During a long period Judge Emmett W. Nicholson has practiced at the bar of Jack county, and during that time his rise has been gradual, but he today occupies a leading position among the representatives of the legal profession in Jacksboro. His reputation has been won through earnest, honest labor, and his high standing is a merited tribute to his ability. His birth occurred at Dallas, Texas, on the 24th of August, 1858, his parents being Colonel Edmund P. and Elizabeth (Griffin) Nicholson, the former of whom was born in Jackson, Mississippi, but came to Dallas in the early ’50s. Enlisting for service in the Confederate army during the Civil war, he became an officer in General Gano’s regiment, rendering distinguished service throughout the struggle between the north and south. He, too, was a lawyer by profession, and was a broad-minded, progressive man and public-spirited citizen, in all life’s relations having been found true to the duties of professional and social life. In 1865, with his family, he left Dallas and went to Kansas City, where the succeeding ten years were spent, going thence, in 1875, to St. Louis, and in 1877 took up their abode in Weatherford, Parker county, Texas. His life’s labors were ended in death on the 10th of January, 1903, and his wife, who was a native of New Orleans, has also passed away.
The educational training of Emmett W. Nicholson was received principally in Kansas City. He studied law in his father’s office, and was admitted to the bar at Weatherford July 24, 1879, at once beginning with the practice of his chosen profession with his father. On the 31st of December, 1880, he came to Jacksboro, the county seat of Jack county, which place has ever since continued as his home, and here he has won distinction as a practitioner at the bar. At the time of his arrival here the town was but a small settlement, and his interests have grown with the progress of the place and the surrounding country. In 1886 Mr. Nicholson was the choice of his fellow citizens for the office of county attorney, re-elected in 1888 and in 1892 was their choice for the high official position of county judge, again receiving a re-election in 1894. He is well informed on the subject of jurisprudence in its various departments, his arguments are forcible, his reasoning sound, his deductions logical, and he has won many notable forensic triumphs.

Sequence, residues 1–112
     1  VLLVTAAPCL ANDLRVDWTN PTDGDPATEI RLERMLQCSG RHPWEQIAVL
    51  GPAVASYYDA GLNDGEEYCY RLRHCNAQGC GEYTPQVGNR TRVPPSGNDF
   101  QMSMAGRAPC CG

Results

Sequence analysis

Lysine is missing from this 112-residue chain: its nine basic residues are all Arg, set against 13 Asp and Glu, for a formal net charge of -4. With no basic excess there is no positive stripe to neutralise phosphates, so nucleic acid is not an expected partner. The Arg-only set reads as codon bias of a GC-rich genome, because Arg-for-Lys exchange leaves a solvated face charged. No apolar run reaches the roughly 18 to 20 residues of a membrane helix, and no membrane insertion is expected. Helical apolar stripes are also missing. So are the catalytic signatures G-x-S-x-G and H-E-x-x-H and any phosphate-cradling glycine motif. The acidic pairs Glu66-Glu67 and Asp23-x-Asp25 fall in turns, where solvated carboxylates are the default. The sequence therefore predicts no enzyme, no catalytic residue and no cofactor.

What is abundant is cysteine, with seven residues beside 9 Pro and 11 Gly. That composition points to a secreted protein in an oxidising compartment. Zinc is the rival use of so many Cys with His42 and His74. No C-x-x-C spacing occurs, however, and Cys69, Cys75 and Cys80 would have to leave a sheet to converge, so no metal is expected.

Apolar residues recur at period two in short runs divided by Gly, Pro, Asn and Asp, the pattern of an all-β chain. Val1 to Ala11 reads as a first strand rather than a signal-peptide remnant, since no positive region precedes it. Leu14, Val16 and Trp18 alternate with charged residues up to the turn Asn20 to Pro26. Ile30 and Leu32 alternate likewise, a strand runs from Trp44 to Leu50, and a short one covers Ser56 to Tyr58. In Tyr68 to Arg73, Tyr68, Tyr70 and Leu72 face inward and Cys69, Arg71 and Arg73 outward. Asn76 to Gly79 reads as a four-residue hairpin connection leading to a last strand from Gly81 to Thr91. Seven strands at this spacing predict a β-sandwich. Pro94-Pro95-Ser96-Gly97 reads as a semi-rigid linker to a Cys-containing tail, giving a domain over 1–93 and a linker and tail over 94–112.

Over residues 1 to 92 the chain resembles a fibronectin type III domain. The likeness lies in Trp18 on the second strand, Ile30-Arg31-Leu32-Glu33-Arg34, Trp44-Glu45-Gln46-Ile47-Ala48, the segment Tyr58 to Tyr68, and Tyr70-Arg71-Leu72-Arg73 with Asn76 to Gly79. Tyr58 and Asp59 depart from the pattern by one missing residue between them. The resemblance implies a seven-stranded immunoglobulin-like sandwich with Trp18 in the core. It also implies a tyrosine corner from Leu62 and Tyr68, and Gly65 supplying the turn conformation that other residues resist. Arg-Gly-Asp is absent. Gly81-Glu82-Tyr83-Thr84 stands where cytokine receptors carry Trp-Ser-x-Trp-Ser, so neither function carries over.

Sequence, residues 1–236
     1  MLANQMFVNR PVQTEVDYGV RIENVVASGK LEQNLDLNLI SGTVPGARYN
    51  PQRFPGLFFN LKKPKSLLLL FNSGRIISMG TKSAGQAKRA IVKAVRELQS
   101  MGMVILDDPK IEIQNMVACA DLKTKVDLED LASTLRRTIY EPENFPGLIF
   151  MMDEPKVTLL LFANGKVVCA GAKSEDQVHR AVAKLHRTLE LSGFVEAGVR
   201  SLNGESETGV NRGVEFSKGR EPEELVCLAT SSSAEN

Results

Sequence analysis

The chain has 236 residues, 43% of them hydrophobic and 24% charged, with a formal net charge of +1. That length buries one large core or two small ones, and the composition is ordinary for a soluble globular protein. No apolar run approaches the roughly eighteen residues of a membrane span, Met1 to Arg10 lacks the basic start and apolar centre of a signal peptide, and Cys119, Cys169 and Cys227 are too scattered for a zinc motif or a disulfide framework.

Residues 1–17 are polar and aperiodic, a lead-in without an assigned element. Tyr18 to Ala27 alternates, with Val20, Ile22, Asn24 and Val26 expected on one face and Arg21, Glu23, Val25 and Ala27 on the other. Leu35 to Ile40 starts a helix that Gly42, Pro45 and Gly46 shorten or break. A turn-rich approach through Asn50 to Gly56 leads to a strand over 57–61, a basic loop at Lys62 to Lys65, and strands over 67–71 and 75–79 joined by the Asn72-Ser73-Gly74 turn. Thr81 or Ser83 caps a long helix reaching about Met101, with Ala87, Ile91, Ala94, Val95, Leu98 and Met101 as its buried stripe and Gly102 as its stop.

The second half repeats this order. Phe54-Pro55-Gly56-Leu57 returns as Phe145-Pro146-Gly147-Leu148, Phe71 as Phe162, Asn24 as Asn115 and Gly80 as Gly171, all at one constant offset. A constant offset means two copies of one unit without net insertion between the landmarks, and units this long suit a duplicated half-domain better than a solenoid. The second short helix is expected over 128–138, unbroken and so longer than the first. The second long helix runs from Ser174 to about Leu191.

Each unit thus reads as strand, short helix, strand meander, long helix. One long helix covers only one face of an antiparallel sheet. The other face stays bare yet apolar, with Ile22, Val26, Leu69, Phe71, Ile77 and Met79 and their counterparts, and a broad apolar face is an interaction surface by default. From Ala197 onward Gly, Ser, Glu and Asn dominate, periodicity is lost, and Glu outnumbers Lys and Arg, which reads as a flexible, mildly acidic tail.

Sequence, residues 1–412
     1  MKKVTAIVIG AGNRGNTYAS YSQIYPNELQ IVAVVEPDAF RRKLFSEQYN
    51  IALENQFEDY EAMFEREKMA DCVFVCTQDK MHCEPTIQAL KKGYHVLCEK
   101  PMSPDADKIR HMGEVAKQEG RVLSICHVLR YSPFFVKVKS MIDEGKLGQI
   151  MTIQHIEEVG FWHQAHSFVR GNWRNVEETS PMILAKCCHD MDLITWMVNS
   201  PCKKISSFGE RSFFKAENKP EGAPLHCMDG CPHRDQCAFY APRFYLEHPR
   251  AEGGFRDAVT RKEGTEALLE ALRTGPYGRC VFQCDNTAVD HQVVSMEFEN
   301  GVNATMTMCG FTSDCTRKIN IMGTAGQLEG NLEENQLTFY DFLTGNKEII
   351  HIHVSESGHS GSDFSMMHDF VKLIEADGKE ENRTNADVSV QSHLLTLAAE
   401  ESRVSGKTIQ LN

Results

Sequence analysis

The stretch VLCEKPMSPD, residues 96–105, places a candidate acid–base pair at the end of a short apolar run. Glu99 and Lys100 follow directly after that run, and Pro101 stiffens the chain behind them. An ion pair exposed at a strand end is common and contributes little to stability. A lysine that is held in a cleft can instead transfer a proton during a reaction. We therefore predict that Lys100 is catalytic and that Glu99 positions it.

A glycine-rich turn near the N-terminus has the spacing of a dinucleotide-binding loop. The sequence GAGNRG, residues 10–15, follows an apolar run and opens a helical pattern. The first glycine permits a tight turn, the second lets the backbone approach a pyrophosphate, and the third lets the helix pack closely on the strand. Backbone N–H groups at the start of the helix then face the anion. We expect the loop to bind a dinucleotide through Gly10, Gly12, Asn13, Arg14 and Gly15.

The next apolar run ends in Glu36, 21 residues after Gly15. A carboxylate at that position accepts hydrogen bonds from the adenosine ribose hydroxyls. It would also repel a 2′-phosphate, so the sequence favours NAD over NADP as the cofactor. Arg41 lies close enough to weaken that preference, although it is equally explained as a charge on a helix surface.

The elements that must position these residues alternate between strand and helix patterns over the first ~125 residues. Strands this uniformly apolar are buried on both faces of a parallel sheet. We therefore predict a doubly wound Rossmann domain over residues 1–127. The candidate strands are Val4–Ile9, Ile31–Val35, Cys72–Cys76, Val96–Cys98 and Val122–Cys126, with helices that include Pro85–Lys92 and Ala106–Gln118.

Mr. Nicholson was united in marriage at Gainesville to Miss Annie E. Aynes, whose father, D. S. Aynes, was a prominent merchant of Gainesville. They have three sons, Clarence William, Eugene H. and Frank. Mr. Nicholson is the owner of a large and valuable library, and his name is inscribed high on the roll of legal practitioners in Western Texas. His religious views are indicated by his membership in the Presbyterian church, while his fraternal relations are with the Knights of Pythias.
Source: B. B. Paddock, History and Biographical Record of North and West Texas (Chicago: Lewis Publishing Co., 1906), Vol. II, p. 180.